The gold standard in terms of long-term survival in the market is IBM, a technology company that has been around for over a century. The reason is that IBM’s founders, uniquely, assured their legacy by designing in a process that assured executives had the breadth to run the company. Well, with EMC’s recent announcements that company is now showcasing a process that is forcing executives to step out of their comfort areas and learn parts of the business they will need to know if they are tasked with eventually running the company. This will eventually give EMC a deep bench of possible CEO candidates and assure succession regardless of whether any of the candidates leaves or dies in the interim.
This is in sharp contrast to what often happens at firms where CEOs either allow subordinates to avoid areas that don’t interest them or actively eliminate any that appear capable of doing their jobs and thus pretty much assure the firm will go into decline after a winning CEO has been running the company. I think CEOs should be required to do what Tucci just did, but in lieu of that, I think CEOs who plan to preserve their firm and legacy should be recognized in the hope others will follow.
Let’s explore this.
Steve Jobs and Carly Fiorinahttps://o1.qnsr.com/log/p.gif?;n=203;c=204663295;s=11915;x=7936;f=201904081034270;u=j;z=TIMESTAMP;a=20410779;e=i
While one of these CEOs was clearly a success and the other was a failure, both had a similar mindset, which appeared to be that they didn’t want a rival in the company. Steve Jobs was deeply afraid that he might be let go (his prior firing from Apple crushed him) as a result of a mistake or because his sickness left him out of the loop for too long (up until the end he thought he would recover).
Carly Fiorina, who lacked operations background and skills, eliminated Michael Capellas as a rival even though his skills coupled with hers would have likely addressed the problems the board fired her for.
In the end, they both left their companies weaker and, had they fully trained replacements, their firms (and Apple is more Jobs’ legacy than HP is Carly’s) would stand as a long-term testament to their existence. HP has all but forgotten Carly and Apple is starting to show signs of stress as Samsung takes over the top smartphone spot and execution problems are being showcased in delayed product releases (not to mention an impressive number of leaks).
IBM’s Thomas Watson Jr.
It was Thomas Watson Jr. who worked to assure that IBM had a process to train and then select the best CEO for the job. This process only broke once largely due to the fact that IBM lost its way and shifted from a policy of customer focus to one of quarterly results and nearly died as a result. But other than that one hiccup, IBM has been a fixture in this market almost since the turn of the last century and it is once again trading at an all-time high. In a speech by Sam Palmisano about a year ago, the magic of IBM’s early, brilliant strategy was driven home. It was built to last centuries and it massively outlasted its peers as a result.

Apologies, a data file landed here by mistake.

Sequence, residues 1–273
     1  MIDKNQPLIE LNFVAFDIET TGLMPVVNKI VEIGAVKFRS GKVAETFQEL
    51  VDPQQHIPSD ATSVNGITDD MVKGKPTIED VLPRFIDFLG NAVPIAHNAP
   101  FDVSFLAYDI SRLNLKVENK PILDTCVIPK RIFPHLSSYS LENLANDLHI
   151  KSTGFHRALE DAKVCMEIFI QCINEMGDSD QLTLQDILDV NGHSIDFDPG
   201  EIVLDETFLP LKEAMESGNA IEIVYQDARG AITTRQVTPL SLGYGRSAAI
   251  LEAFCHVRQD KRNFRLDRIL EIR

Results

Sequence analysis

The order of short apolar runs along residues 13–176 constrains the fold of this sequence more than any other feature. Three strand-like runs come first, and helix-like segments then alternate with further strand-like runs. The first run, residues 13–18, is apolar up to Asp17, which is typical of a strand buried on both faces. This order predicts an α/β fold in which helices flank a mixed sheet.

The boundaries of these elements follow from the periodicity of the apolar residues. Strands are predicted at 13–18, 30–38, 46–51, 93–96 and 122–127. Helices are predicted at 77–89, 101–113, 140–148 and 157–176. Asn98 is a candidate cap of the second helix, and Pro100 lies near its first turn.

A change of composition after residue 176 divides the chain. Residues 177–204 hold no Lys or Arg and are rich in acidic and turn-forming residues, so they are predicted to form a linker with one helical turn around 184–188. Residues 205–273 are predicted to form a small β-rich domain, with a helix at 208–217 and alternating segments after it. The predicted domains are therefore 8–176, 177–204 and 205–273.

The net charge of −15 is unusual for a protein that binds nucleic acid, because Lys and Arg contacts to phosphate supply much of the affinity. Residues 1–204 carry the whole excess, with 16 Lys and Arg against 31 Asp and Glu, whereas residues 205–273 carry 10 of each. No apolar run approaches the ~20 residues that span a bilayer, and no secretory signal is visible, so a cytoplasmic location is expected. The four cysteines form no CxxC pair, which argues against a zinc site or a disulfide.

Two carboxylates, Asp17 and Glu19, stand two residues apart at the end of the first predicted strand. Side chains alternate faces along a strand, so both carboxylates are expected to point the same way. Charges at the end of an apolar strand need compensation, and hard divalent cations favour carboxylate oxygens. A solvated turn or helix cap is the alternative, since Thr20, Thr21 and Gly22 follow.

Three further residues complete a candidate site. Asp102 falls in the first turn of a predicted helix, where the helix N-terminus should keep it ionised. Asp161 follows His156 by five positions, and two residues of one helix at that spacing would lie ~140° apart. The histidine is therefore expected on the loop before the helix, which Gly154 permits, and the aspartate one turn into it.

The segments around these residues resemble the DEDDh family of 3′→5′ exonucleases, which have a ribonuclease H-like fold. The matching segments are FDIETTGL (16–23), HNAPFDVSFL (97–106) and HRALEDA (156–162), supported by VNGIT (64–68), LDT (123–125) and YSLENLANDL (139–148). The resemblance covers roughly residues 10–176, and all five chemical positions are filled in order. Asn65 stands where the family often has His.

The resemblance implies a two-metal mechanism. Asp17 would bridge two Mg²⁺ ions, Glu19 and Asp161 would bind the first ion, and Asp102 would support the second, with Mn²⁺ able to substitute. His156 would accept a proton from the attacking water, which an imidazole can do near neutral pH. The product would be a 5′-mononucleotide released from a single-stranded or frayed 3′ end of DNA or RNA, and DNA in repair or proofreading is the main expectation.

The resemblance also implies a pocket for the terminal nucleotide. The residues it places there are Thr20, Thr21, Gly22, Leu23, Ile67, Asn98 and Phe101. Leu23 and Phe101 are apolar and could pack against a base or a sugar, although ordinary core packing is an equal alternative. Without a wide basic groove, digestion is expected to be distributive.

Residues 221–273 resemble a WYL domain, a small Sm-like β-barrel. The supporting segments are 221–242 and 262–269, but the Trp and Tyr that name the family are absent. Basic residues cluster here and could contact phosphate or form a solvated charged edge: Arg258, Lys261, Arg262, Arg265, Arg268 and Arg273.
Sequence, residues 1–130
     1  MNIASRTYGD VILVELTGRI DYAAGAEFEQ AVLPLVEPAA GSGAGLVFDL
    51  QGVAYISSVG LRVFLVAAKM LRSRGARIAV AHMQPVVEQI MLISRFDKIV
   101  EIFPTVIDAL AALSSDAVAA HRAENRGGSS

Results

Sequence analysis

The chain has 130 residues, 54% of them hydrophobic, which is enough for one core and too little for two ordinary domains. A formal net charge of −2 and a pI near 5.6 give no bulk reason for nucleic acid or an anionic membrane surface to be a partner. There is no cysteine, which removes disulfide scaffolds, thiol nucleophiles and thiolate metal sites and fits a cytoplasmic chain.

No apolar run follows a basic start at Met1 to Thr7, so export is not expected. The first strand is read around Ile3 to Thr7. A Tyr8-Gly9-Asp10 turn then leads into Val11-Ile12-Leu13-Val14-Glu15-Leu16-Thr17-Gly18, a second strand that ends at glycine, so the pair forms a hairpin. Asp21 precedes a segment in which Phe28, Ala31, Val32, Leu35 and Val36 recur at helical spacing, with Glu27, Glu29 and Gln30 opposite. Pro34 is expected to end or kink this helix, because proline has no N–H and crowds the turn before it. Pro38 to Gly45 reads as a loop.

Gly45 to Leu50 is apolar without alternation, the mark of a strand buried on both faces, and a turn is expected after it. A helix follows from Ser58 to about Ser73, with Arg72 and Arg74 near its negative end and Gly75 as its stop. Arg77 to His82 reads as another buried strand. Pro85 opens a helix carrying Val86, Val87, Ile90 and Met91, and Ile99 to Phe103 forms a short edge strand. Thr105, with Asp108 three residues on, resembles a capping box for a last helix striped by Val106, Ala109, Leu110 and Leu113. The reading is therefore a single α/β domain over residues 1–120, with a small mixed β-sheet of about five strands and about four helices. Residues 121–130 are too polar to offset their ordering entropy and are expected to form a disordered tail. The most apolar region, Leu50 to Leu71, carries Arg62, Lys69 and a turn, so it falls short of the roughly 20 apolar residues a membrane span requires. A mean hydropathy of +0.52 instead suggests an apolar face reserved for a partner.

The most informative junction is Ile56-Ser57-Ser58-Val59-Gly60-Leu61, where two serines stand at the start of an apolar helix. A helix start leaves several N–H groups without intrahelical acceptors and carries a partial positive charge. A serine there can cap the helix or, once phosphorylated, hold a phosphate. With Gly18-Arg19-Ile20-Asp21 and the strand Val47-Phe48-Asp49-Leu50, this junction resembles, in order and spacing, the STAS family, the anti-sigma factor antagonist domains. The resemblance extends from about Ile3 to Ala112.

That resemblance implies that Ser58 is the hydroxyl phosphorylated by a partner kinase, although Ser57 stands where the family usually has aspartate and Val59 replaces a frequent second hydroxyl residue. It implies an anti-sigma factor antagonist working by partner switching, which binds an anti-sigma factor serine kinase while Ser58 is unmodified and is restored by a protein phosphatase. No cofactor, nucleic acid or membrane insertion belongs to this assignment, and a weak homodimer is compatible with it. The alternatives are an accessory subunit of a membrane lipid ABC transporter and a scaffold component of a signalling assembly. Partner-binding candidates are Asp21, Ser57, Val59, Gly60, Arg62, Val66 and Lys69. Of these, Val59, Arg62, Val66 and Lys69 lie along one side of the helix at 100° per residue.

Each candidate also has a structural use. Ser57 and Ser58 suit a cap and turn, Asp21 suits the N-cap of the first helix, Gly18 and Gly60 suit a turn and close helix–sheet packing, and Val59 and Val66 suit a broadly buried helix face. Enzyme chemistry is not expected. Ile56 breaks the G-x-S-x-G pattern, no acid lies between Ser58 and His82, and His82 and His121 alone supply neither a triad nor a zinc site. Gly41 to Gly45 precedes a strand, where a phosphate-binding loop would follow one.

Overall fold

Thomas Watson Jr. recognized that his true legacy wasn’t his job or what he made, but the company itself and he assured that IBM would last forever.
Tucci Picks up the Torch
Tucci, apparently channeling Thomas Watson Jr., has picked up the torch and has started to move executives around to assure that each has the needed skills, under his guidance, to do the job better than Tucci did. In fact, from software to hardware, both Gelsinger and Maritz will have more product breadth when their current tours are done than Tucci himself has. He appears to be creating executives who not only can do as good a job, but might even be able to do a better job, than he has done.
This goes to the core of assuring that the company you are leading is left in better shape than you found it. Tucci is assuring that when he eventually leaves, the CEO he leaves behind won’t be as good as he was, but should be better. That is the one aspect of leaving a corporation better than you found it that most CEOs seem to forget; that is, they also need to leave the office of the CEO better than they found it and that means creating, if possible, a stronger successor.
Wrapping Up: Tucci Should Be Recognized
In a world where CEOs often seem to work to prevent anyone from outshining them, a CEO who realizes that part of the job isn’t just to find a successor but to make sure his or her successor is better trained for the current world is a rare find. Tucci, with these recent staffing changes, is assuring that not only will EMC have a strong bench when he eventually retires, but that the person replacing him will be better qualified to lead EMC in the world of today than he was due largely to stronger cross-training.
The lasting lesson is that not only should you leave the company better than you found it, you should leave the office of the CEO better than you found it, and under Tucci, EMC is schooling every other firm by doing just that.